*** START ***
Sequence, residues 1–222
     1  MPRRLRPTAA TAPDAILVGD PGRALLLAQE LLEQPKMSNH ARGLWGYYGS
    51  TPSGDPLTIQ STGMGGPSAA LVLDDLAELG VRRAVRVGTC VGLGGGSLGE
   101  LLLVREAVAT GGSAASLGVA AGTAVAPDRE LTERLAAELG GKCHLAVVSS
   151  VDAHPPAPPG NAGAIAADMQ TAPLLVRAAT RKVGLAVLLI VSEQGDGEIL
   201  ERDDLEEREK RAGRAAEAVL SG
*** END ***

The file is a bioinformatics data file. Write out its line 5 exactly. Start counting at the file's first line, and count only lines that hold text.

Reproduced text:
   151  VDAHPPAPPG NAGAIAADMQ TAPLLVRAAT RKVGLAVLLI VSEQGDGEIL